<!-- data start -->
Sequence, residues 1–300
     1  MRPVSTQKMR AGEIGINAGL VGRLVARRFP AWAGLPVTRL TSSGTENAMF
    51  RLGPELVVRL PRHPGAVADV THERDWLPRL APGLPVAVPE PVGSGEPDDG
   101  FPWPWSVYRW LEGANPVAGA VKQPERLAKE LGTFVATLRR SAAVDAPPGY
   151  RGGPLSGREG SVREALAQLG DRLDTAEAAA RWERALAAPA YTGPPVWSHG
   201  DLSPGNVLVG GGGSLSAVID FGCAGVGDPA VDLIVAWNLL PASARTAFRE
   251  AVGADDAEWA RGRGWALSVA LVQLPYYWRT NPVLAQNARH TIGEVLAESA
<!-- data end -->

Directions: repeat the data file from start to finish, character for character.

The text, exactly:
Sequence, residues 1–300
     1  MRPVSTQKMR AGEIGINAGL VGRLVARRFP AWAGLPVTRL TSSGTENAMF
    51  RLGPELVVRL PRHPGAVADV THERDWLPRL APGLPVAVPE PVGSGEPDDG
   101  FPWPWSVYRW LEGANPVAGA VKQPERLAKE LGTFVATLRR SAAVDAPPGY
   151  RGGPLSGREG SVREALAQLG DRLDTAEAAA RWERALAAPA YTGPPVWSHG
   201  DLSPGNVLVG GGGSLSAVID FGCAGVGDPA VDLIVAWNLL PASARTAFRE
   251  AVGADDAEWA RGRGWALSVA LVQLPYYWRT NPVLAQNARH TIGEVLAESA